The self portrait is oil on paper transfered to canvas and a good image can be found via the link above.

Sotheby's to Auction Rembrandt Self Portrait

June 7 2020

Image of Sotheby's to Auction Rembrandt Self Portrait

Picture: Sotheby's

Posted by Adam Busiakiewicz:

Exciting news breaking this evening that Sotheby's will be offering a recently rediscovered Self Portrait by Rembrandt in their July sale.

The portrait was seemingly rejected by art historians in 1970 but experts have changed their minds. Reports suggest that this is partly due to new scientific analysis undertaken on the work. Dendrochronology samples have proven that the painting's panel support came from the same tree as used in Rembrandt's portrait of Maurits Huygens in the Hamburg Kunsthalle.

The painting will be offered on 28th July 2020 in London with an estimate of £12m - £16m.

Update - Further press articles have explained that the picture was with Noortman Master Paintings in the mid 2000s where it was acquired by the current owner. It seems that it was also exhibited at TEFAF in this period. The self portrait was exhibited at the Rijksmuseum in 1997 and the National Gallery, London, in 1999. I'll post the full catalogue entry when it is made available in due course.

Update 2 - Here is the official press release from Sotheby's.

Early Boucher Discovered in Wardrobe

June 5 2020

Image of Early Boucher Discovered in Wardrobe

Picture: Gazette Drouot

Posted by Adam Busiakiewicz:

The Gazette Drouot has published news that the auction house Daguerre have discovered an early work by François Boucher (1703-1770) in a wardrobe of a private house.

The work dating to the 1720s shows a young man playing the hurdy gurdy (click to listen to a music clip), an instrument that was rather popular in eighteenth century France. It was last sold from the collection of Vicomte Beuret in 1924 where it was described as 'attributed to Boucher'.

This rare early work is coming up for sale at Daguerre's sale on 23rd June with an estimate of €40,000 - €60,000. It seems very likely that the final price will soar past this tempting estimate!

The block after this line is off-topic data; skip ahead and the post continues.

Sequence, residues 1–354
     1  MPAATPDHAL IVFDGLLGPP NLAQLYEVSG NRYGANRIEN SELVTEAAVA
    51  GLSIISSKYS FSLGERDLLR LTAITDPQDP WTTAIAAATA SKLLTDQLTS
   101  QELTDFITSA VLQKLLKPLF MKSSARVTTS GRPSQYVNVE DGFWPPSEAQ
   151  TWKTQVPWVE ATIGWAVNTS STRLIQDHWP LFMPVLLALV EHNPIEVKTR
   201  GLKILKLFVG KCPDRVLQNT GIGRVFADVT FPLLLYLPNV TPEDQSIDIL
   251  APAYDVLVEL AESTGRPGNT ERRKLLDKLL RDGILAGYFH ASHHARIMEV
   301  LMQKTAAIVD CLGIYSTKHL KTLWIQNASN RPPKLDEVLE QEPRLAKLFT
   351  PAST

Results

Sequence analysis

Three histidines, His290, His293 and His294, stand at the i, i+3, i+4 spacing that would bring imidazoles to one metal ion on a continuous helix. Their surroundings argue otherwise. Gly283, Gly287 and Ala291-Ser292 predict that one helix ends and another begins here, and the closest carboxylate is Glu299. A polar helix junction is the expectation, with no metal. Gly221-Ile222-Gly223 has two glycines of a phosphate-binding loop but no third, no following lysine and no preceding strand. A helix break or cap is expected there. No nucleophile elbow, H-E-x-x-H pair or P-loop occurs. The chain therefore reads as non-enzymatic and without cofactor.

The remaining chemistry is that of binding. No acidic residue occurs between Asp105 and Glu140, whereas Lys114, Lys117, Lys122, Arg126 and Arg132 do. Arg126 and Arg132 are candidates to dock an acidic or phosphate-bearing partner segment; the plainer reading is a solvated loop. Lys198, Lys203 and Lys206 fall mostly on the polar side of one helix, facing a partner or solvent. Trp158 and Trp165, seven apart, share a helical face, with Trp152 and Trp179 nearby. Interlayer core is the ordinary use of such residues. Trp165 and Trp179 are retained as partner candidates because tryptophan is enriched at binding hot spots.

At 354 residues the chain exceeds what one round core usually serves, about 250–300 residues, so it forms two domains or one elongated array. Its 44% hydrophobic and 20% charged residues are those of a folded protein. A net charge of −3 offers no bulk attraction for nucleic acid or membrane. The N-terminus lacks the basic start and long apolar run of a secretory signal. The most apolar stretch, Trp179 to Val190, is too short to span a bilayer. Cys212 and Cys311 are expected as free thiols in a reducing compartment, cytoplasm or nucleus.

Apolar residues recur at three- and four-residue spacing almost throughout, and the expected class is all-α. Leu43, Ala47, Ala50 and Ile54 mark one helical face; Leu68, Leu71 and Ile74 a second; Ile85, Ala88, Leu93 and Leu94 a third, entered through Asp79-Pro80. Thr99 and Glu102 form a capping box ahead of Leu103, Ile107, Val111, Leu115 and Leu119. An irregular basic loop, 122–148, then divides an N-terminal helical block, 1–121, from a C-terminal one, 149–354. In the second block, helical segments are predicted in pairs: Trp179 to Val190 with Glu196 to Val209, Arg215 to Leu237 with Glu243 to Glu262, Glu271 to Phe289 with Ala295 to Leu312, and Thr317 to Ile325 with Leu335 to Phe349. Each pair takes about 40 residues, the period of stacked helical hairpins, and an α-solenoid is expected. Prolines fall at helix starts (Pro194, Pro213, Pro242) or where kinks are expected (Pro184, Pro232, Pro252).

Update - The painting made 494,000 (inc. fees).

Mary Boleyn Portrait Reidentified in Royal Collection

June 1 2020

Image of Mary Boleyn Portrait Reidentified in Royal Collection

Picture: The Royal Collection

Posted by Adam Busiakiewicz:

The Sunday Telegraph have reported on news of a discovery made in the Royal Collection by the Jordaens Van Dyck Panel Paintings Project (JVDPPP). For a long time the above portrait was simply known as 'Portrait of a Woman' and thought to be a copy of some missing picture. Through diligent research the project was able to reidentify this portrait as an image of Mary Boleyn, sister to the Henry VIII's second wife Anne Boleyn.

The reidentification was made possible by drawing comparison with other versions of Mary Boleyn's likeness including those at Longford Castle and Warwick Castle

Furthermore, research had shown the portrait to have been one of the '14 Beauties' that decorated Queen Anne's Bathing Room at Windsor Castle. These portraits were mostly seventeenth century copies of known pictures by the likes of Van Dyck, Lely and Cooper. The project was also able to reidentify a stunning portrait by Remigius van Leemput now known to depict Margaret Smith, Mrs Thomas Carey later Lady Herbert.

The JVDPPP have uploaded the full article on their website if you can't get through the Telegraph paywall.

Rembrandt Revealed in Allentown

May 29 2020

 

Video: Allentown Art Museum

Posted by Adam Busiakiewicz:

The Allentown Art Museum in Pennsylvania will be opening a new exhibition later this summer unveiling a recently upgraded Rembrandt in their collection. Portrait of a Young Woman had long been considered a studio work, however, a detailed conservation project which began in 2018 revealed that this was a painting from the master's hand. The above video details some of collaborative work with conservators from the MET and other institutions.

I can't seem to find any details on which scholarly authorities authenticated the work. Such details are of equal interest when it comes to upgrading a Rembrandt.

Early Ribera at Daguerre

May 26 2020

Image of Early Ribera at Daguerre

Picture: Daguerre

Posted by Adam Busiakiewicz:

A newly discovered painting by Jusepe de Ribera (1588-1656) is coming up for sale at the Parisian auction house Daguerre on 16th June. This painting, said to depict an ancient philosopher, was uncovered in a house in the west of France last year. The artwork was unveiled in January as a rare early canvas by Ribera painted in Rome between the years 1610 - 1615. It was due to be sold in March before the lockdown delayed the sale.

The picture carries as estimate of €200,000 - €300,000. In January the French press speculated that several museums are eyeing up the painting. I wonder if this is still the case?

Update - The picture made 1,400,000 (hammer price).

Mystery Painting acquired by Art Gallery in Toronto

April 7 2020

Image of Mystery Painting acquired by Art Gallery in Toronto

Picture: The Star 

Posted by Adam Busiakiewicz:

The Art Gallery of Ontario in Toronto, Canada, are appealing to experts to find out more about one of the gallery's recent acquisitions.